TORONTO , May 8, 2020 /CNW/ - Dean Connor, President and Chief Executive Officer of Sun Life, joined Mario Mendonca from TD Securities Inc. for a virtual fireside chat to discuss Sun Life's first quarter ...
TORONTO , May 6, 2020 /CNW/ - Sun Life Financial Inc. (SLF) (SLF) (the "Company") announced today that it intends to issue in Canada $1 billion principal amount of Series 2020-1 Subordinated Unsecured 2.58% Fixed/Floating Debentures due 2032 (the "Debentures"). The net proceeds will be used for general corporate purposes of the Company, which may include investments in subsidiaries and repayment of indebtedness. Details of the offering will be set out in a pricing supplement that the Company intends to issue pursuant to its short form base shelf prospectus and its prospectus supplement, each dated March 28, 2019 , all of which are or will be available on the SEDAR website for Sun Life Financial Inc. at www.sedar.com. The Debentures will be sold on a best efforts agency basis by a syndicate led by RBC Capital Markets, BMO Capital Markets and TD Securities, as co-leads.
TORONTO — COVID-19 has delivered a rough quarter to Sun Life Financial Inc., but its top executive is confident the insurer will bounce back as demand for virtual care and increased coverage grows.The Toronto-based insurer said this week that market declines triggered by the pandemic caused its net income to plunge by 37 per cent to $391 million in its first quarter. Sun Life earned 67 cents per share for the three months ended March 31, down from $1.04 per share or $623 million a year earlier.Even as revenues were dropping, customers were looking to beef up coverage in areas like short-term disability, critical illness or virtual care — a move Sun Life president and CEO Dean Connor doesn't believe will slow down."We have seen in the past, after major crises like the Spanish flu and World War II, and we're starting to see it here: people's interest in insurance goes up," he told The Canadian Press."They're more focused on insurance and they have reason to think about it more and that drives more sales."His remarks came as the pandemic has pushed Sun Life — and every other insurer — to quickly adapt to a population with very different demands.As some companies have mulled bankruptcy, layoffs and pay cuts, extended coverage and virtual care is on the minds of more Canadians.Choices in those areas are not being made slowly anymore."Every business has found a whole new gear, including Sun Life, a gear we didn't know we had. We see our clients making decisions at lightning speed," Connor said.His business has been impacted because with Canadians asked to physically distance and stay home as much as possible, doctors offered virtual appointments and patients put off seeking care for non-emergency ailments. Dentists, chiropractors, physiotherapists and other medical professionals closed their offices.Sun Life responded by doling out payment grace periods and offering credits against dental and non-drug-related extended health care premiums in hopes of reducing invoices for Canadian businesses, who are already struggling with low cash flow.It offered 50 per cent credit per month against paid dental premiums and a 20 per cent credit for non-drug-related, extended health care premiums.Sun Life also delved into mixing technology and coverage with its Lumino Health Virtual Care offering, a partnership with Montreal-based Dialogue Technologies and a referral network the company runs with Akira, EQ Care and Maple."A lot of these tools we had already built out before the crisis, but the crisis has forced everyone to accelerate the adoption of these tools, so I think that's another benefit or silver lining to this cloud," Connor said.COVID-19 had a mixed impact on the company. Individual insurance and wealth sales in April totalled about 80 per cent and 90 per cent of the prior year, and were aided by re-pricing strategies and virtual health-care programs that Sun Life said have been popular.Sun Life's underlying earnings grew by seven per cent in the quarter to $770 million or $1.31 per share. That compared with $717 million or $1.20 per share in the first quarter of 2019.Sun Life's shares gained $3.02 or 6.7 per cent at $47.81 in late afternoon trading on the Toronto Stock Exchange.But there were "significant" declines too. Second quarter sales are uncertain because of strict quarantine protocols impacting face-to-face sales and the inability to predict when offices will be allowed to reopen and the economy to rebound."Realistically, this will be a challenging year for financial institutions and there will likely be reductions to sales, premiums and assets under management levels, credit impacts," Connor said. on the earnings call.For now, the company is focused aiding the 95 per cent of employees still working from home — a transition that was speedy because it was aided by 1,200 laptop computers Connor has said the company had stowed away "for a rainy day."Meanwhile, in Asia, it is helping workers in China and Vietnam return to offices on a gradual basis.Those uncomfortable about heading back to traditional offices will be allowed to continue to work from home.Those who return will be rotating what days of the week they can visit the office, so workers can physically distance, Connor said. There will also be increased sanitization of shared surfaces, escalators and door handles that will give workers the confidence to feel safe in the office.Connor will have an eye on the return to offices in Asia because of the lessons it can provide for Canada and beyond."We are watching closely, we're benefiting, we're learning," he said.This report by The Canadian Press was first published May 6, 2020.Companies in this story: (TSX:SLF)Tara Deschamps, The Canadian Press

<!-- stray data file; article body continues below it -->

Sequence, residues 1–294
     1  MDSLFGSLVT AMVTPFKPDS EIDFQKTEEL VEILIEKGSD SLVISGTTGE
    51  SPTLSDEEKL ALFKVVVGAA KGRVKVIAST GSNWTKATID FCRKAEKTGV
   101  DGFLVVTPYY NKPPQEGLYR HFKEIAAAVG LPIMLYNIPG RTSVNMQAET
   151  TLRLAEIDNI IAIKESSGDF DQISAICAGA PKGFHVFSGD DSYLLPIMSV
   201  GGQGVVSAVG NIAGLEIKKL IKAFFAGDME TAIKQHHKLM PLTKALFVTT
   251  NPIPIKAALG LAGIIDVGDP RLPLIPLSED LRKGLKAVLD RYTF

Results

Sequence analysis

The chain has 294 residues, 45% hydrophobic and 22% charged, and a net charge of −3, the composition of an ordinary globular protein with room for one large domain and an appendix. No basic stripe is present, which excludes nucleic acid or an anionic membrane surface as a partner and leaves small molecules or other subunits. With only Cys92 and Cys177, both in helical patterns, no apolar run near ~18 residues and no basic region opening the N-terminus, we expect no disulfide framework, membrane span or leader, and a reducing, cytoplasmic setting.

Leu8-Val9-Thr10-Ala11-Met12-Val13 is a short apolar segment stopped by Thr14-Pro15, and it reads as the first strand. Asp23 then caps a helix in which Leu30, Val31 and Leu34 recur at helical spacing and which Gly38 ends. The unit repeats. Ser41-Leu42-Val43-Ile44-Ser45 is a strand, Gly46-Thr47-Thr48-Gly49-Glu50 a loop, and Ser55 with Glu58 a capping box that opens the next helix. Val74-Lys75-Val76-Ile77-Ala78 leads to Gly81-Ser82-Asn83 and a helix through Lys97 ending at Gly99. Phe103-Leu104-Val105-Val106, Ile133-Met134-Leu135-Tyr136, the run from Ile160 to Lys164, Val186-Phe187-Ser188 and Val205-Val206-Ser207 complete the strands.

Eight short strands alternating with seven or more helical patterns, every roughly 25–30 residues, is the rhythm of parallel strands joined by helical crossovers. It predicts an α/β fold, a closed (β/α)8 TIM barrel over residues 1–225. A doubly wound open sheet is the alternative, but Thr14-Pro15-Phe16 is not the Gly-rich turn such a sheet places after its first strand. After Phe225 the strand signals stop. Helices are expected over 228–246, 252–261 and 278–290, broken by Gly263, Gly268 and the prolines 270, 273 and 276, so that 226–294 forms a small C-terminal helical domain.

Sun Life (SLF) Q1 results reflect higher investing activity in Canada and the United States, business growth, higher new business gains and improved credit experience.
TORONTO — Sun Life Financial Inc. beat analyst expectations even as its net income plunged by 37 per cent to $391 million in the first quarter. The Toronto-based insurer says it earned 67 cents per share for the three months ended March 31, down from $1.04 per share or $623 million a year earlier.Sun Life says its underlying earnings grew by seven per cent to $770 million or $1.31 per share.That compared with $717 million or $1.20 per share in the first quarter of 2019.The insurance company was expected to earn $1.12 per share in adjusted profits, according to the financial markets data firm Refinitiv.Sun Life revealed the earnings after markets closed after its stock fell by 4.25 per cent to $44.79. This report by The Canadian Press was first published May 5, 2020.Companies in this story: (TSX:SLF)The Canadian Press